‘Hey bear. Heeeyyy bear.’ Forget peace and serenity; hikes in Montana’s Glacier National Park play out to this ever-present refrain – with good reason. Around 650 black bears and 600 grizzlies roam this 1,500-square-mile swathe of the Rocky Mountains. That’s a higher concentration than anywhere in the US outside Alaska.
Given the park’s 740 miles of trails, you might think the chances of bumping into one are slim, yet sightings occur daily in summer. Grizzlies have a lethal reputation, but black bears can be equally deadly if you surprise them. That’s why walkers take the vital precaution of alerting bears to their presence. It’s an odd situation, this bear-anoia. Some visitors come to Glacier in summer precisely for the bear-spotting – but they don’t want to spot one too closely, lest they become dinner. The bears live off berries, bugs and fish, but they will maul (and sometimes eat) a human if their space is invaded.
Only a week before my trip, a hiker was killed by a grizzly in Yellowstone, Montana’s more famous (and crowded) national park. Such attacks are rare, but a chilling reminder that walks in grizzly country come with very real dangers.
Others head here to scamper atop waterfalls, climb lush mountains, canoe on the lakes and see a rare triple continental divide – a slope where water flows away into three oceans. Those who only want to see the park’s eponymous glaciers tend to leave disappointed. Only 25 of the original 100-plus remain, and while you can still see them high on the slopes, their diminutive size kills the wow factor.
A far more impressive sight is the 50-mile Going to the Sun Road, the only paved route through the park. It starts at the west gate, hairpins up 2,000 metres to the peak at Logan Pass, then sweeps down to the east gate, passing lakes, wildflower meadows, rocky escarpments and waterfalls.
I want to do all that, but I’m not going to lie: I’m really here for the bears.
On my first hike, to Running Eagle Falls in the late afternoon, I ask everyone I pass, ‘Have you seen a bear?’
‘No, have you?’
By day three, I’ve had this conversation more times than I can count. On the rare occasion I get a ‘yes’, I head off in hot pursuit in case there’s a straggler hanging about. But there never is. Perhaps my sing-song strains of ‘Hey bear’ are a better deterrent than I’d like.
Luckily, consolation prizes abound: an elk sipping water from a glassy lake; a yellow-bellied marmot waddling into the shrubbery; a golden eagle circling overhead. Adorable, inquisitive little Columbian ground squirrels scamper everywhere. I want to put one in my pocket to bring home, but I fear that would be frowned upon by the park officials, HM customs and my husband.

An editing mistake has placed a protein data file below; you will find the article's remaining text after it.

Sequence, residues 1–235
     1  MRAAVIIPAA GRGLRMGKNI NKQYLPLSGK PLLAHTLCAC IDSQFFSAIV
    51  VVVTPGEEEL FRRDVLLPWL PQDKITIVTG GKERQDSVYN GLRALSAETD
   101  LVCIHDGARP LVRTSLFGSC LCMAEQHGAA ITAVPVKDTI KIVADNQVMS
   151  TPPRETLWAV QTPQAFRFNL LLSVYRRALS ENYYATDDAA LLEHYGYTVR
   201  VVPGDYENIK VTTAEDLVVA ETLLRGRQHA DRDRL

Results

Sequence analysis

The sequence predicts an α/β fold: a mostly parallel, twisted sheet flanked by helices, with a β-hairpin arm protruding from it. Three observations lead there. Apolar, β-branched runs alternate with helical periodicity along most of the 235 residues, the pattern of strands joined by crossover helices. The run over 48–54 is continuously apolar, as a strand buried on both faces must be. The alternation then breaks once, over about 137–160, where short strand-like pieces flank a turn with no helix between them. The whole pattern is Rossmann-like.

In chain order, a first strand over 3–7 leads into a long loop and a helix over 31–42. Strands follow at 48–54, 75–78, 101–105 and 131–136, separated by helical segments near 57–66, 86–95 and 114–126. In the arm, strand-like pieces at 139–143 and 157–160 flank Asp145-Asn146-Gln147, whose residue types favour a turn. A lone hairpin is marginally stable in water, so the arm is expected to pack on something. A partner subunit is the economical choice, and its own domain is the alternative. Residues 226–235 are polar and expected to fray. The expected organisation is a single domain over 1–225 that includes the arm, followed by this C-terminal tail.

On a ranger-led hike to Iceberg Lake, someone in our group spies the enormous antlers of a bull moose bobbing in a field of flowers a few metres from our path. We stop and hold our breath. The moose lifts his head, gives us the once-over, decides we’re no threat and continues with his lunch. ‘I would have preferred more distance between us,’ our ranger later confides. ‘Moose actually injure far more people than bears do.’ While few attacks are lethal, he says it’s always best to give them a wide berth.
At the top of the trail, we spread blankets on rocks by a milky-blue lake dotted with icebergs. Over sandwiches, we compare notes. One man saw a grizzly from a distance on the Highline, a popular (and precarious) trail along the Continental Divide. Another photographed a black bear outside Many Glacier Hotel. A family spied a cub frolicking among the wildflowers at Two Dog Flats, a clutch of forest-backed meadows near the eastern gate. Our ranger tells us Hidden Lake has been so inundated with bears, thanks to a bumper crop of berries, that it’s been closed to the public for two days.
As we head back downhill, I’m glued to my binoculars, scanning the mountainsides for grizzlies or blacks. I spot an impressive bighorn sheep resting on a high rock, and a coyote running along a ridge, but no bears.
By my final day at Glacier, I’ve accepted that the only bear I’m destined to see is the ‘Great Bear’ constellation I glimpsed while stargazing. I’m a bit gutted. It’s like going on safari and never seeing a lion; you have a marvellous time, but can’t help feeling disappointed.
With six hours before my flight, I hop on a small boat for a tour of St Mary Lake. After an hour, we turn around and start heading back to the dock when the boat comes to a sudden halt. The captain points and I look. Just a few metres from the bow, a huge black bear is swimming in the midst of this three-mile-wide lake. I can’t quite believe it, and the captain is equally stunned. She says she’s only seen this herself once before.
We sit silently and watch the bear paddle deftly to the opposite shore. When she crawls onto land, she jiggles to shake the water off her glistening fur, then looks back in our direction.
‘Hey bear,’ I say under my breath. ‘Heeeyyy bear.’ She blinks slowly, then turns around and vanishes into the woods.
Originally published in Which? Travel magazine.